The point of Krugman railing on the “estate tax” elimination is that it will only serve the needs of the very richest Americans, and why Republicans are despicable for supporting a hate-monger like Trump. They know Trump will be a rubber-stamp presidency of any tax elimination proposal for Americans in Trump’s income category. As Krugman put it, no American should be the least bit astonished that the Republican leadership and conservative punditry support Trump’s morally bankrupt and inherently racist agenda, or in Krugman’s words “made a Devil’s bargain with Trump” because he promises to implement their entire agenda.
It is curious that Mr. Krugman is just now expressing what many Americans knew as Trump’s Republican rivals fell during the primary, and especially after he won the GOP nomination. Perhaps it was the “second amendment remedy” comment that incited Krugman’s assault on the likes of Ryan and McConnell. Look, if leading Republicans supported Trump after he questioned the integrity of a highly-respected Hispanic judge because, as this column noted in early June, Donald Trump agreed with Ryan that Social Security has to go, then it can hardly be shocking that they’re with him after a Second Amendment remedy statement.
Some of the GOP leaders, and most of the base, may feign disgust over some of Trump’s remarks, either made on the stump or during interviews, but they agree in principle on everything Donald Trump represents because Republicans created the base that gave him the nomination. However, Mr. Krugman is right to rail on the Republican leadership because they supported Trump throughout each and every one of his stunningly outrageous statements.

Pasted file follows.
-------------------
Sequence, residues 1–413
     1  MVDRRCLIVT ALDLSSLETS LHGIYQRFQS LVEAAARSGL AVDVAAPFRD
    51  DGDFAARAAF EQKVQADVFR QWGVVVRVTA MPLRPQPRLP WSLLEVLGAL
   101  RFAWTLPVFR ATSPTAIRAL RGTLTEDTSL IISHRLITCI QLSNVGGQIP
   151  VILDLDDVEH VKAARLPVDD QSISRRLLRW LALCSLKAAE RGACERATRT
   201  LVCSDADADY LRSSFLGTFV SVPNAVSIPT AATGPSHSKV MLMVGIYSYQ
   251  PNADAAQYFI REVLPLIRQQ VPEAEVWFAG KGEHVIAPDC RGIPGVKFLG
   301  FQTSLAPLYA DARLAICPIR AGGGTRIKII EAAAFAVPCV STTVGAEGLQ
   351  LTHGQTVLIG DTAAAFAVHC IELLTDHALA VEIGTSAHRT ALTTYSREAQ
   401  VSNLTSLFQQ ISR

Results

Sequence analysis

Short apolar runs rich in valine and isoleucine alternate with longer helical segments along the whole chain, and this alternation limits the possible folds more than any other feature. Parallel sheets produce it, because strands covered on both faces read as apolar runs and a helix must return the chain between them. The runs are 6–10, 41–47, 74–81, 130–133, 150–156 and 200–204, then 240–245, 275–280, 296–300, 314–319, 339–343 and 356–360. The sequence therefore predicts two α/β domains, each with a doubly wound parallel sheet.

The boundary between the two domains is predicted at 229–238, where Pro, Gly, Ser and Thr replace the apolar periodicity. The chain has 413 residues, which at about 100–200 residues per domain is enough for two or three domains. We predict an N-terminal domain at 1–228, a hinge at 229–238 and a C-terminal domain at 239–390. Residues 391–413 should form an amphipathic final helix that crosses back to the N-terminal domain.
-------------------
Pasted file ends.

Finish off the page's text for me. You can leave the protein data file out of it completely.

Republicans are never going to change or alter their agenda of serving solely for the good of the richest Americans. That is not any kind of revelation because it is and has been the very foundation of conservatism since Ronald Reagan’s disastrous tax-cutting atrocity. Where Mr. Krugman accurately explained what is really different about the Republican movement with a bigoted fascist leading the Party was his remark that,
“All that has happened this year is a move of those white nationalists from part of the supporting cast to a starring role.”
Truer words Krugman could not have uttered, and sadly, the preponderance of the bigoted white nationalists would suffer the same as the rest of the non-white, non-rich and non-Christian population under a Trump presidency and they all know it. But like the Republican leadership, they’ll put up with a world of economic badness and needless wars if they think their particular agenda is implemented, whether it is founded on enriching the already filthy rich or purging the nation of non-white non-Christians. It is, no matter how one appraises it, a bunch of malcontents “making a Devil’s bargain” for wealth or white supremacy no matter the cost in human terms or the existential threat to the continued existence of the United States.
Audio engineer and instructor for SAE. Writes op/ed commentary supporting Secular Humanist causes, and exposing suppression of women, the poor, and minorities. An advocate for freedom of religion and particularly, freedom of NO religion.
Born in the South, raised in the Mid-West and California for a well-rounded view of America; it doesn’t look good.
Former minister, lifelong musician, Mahayana Zen-Buddhist.